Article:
The lasting impact of mercury mining
Would California be a better place today if gold had not been discovered in the foothills of its boundary mountains 162 years ago?
There are historians who think so. They believe our settlement would have been slower, more deliberate and less chaotic; that the rush to statehood would not have been granted so precipitously to fill the national coffers.
These are interesting thoughts, big, broad ramifications of the Gold Rush, but there is other fallout that isn't so sweeping, with continuing malevolent effects. What comes up frequently in this area — what, in fact, has Bureau of Land Management officials hard at work right now — concerns a byproduct of gold processing, a silver-white metallic substance called mercury.
When gold miners realized they could no longer pick up nuggets in the stream and the excitement of the '49er migration faded, gold mining became just another extractive industry, albeit a profitable one. Hydraulic mining engineers knew that the way to recover gold from low-grade ore was by a process called amalgamation, the treatment of the ore with mercury to extract gold.
THERE WAS NO GOLD worth mentioning in Sonoma, Lake or Napa counties, but there was a wealth — if you can put it that way — of cinnabar, the mineral that contains mercury, or quicksilver, as some know it.
Californians had been mining mercury since Mexican days. After statehood, the large New Almaden Mine, south of San Juan Bautista, supplied most of what was needed for the many and varied uses of mercury — medical, wood-processing, early photography (Daguerreotypes) and even hat-making where the toxic fumes from the substance caused a form of insanity.
(This gave rise to the descriptive phrase "mad as a hatter," and, of course, to the name of the Mad Hatter in "Alice in Wonderland," although his "madness" did not have the same symptoms as true mercury victims.)
The gold amalgamation demand doubled the price of mercury in the 1870s and set prospectors on the march through the Mayacmas where the owner of the Geysers resort, Col. A.C. Godwin, had filed the first local claim in 1859.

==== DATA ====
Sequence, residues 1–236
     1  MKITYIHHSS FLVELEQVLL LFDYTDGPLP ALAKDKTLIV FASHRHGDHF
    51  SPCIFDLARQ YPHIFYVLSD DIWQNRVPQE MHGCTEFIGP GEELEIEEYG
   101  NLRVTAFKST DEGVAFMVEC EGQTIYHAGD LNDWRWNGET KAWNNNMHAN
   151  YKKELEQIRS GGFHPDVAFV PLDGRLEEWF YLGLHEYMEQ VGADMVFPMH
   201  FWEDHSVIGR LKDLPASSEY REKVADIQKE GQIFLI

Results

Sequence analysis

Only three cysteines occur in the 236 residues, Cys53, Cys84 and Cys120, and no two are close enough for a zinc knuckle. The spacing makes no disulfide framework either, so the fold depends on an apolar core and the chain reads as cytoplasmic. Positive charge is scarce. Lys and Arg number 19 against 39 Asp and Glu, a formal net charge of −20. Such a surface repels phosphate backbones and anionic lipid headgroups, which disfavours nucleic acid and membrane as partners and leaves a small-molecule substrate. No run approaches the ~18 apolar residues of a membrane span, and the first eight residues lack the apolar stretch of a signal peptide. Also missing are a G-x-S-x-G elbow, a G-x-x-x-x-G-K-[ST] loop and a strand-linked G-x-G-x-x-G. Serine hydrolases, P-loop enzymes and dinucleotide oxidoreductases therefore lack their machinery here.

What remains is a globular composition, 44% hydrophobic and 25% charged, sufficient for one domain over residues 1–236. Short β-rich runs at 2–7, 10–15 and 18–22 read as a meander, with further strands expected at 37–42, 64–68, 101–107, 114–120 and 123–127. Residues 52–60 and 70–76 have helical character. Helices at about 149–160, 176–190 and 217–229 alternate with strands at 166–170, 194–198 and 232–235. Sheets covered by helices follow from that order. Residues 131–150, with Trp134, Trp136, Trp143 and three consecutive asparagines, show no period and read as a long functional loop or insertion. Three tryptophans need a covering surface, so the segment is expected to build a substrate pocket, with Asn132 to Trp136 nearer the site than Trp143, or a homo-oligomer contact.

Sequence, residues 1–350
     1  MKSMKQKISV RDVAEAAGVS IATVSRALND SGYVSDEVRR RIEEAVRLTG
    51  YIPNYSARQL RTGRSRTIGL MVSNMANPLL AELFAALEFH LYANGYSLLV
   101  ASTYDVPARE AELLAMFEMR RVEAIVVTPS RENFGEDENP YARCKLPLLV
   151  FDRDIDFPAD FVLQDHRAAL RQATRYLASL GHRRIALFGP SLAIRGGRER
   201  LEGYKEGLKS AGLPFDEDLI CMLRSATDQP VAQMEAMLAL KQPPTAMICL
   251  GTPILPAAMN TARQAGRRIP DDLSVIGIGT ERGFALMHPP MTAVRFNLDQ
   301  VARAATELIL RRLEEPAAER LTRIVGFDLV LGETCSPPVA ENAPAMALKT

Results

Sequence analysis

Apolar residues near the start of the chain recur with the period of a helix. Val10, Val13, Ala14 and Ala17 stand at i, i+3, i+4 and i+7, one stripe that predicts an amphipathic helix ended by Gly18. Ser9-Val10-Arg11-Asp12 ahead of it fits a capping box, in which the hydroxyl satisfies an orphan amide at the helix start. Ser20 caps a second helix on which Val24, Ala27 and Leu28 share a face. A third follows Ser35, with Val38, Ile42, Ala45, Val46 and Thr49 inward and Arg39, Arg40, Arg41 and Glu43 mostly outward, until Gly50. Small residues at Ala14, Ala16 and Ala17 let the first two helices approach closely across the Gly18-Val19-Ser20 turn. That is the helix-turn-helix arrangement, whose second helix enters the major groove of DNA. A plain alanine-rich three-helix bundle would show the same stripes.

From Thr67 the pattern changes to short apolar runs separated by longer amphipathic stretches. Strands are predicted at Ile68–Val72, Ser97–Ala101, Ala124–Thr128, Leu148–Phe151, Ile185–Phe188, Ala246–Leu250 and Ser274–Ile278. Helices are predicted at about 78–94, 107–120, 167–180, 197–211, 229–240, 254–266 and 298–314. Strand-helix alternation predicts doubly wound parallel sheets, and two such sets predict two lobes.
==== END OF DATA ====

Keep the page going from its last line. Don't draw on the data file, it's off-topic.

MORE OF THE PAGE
What was known as the "Quicksilver Rush" resulted in hundreds of mining claims filed in the corners of the three counties in the 1870s with colorful names like the Rattlesnake, the Blue Jacket, the Red Cloud, the Flaming Star and Robert Louis Stevenson's hideaway, the Silverado. Miners named them for women — Edith, Emma, Georgia, and for their homes — Illinois, Missouri, Chicago.
Half a dozen "towns" came and went. Only the stories of these communities remain, along with the environmental hazards created by the mercury/quicksilver mines.
THE LARGEST WAS PINE FLAT, which grew up around a claim by twin brothers Granville and Greenville Thompson in 1873. The community grew as quickly as the price of mercury had risen and, within months, had three hotels, 60 houses, two dry goods stores, a fruit vendor, a bakery, a lumber yard, two shoe shops, two laundries and, of course, six saloons and a dance hall. But no schoolhouse.
Sebastopol writer Bob Evans titled his 2005 book about the town "A Quicksilver Boom Town." Local lore sets the population somewhere between 500 and 1,000 people. Only for a short while.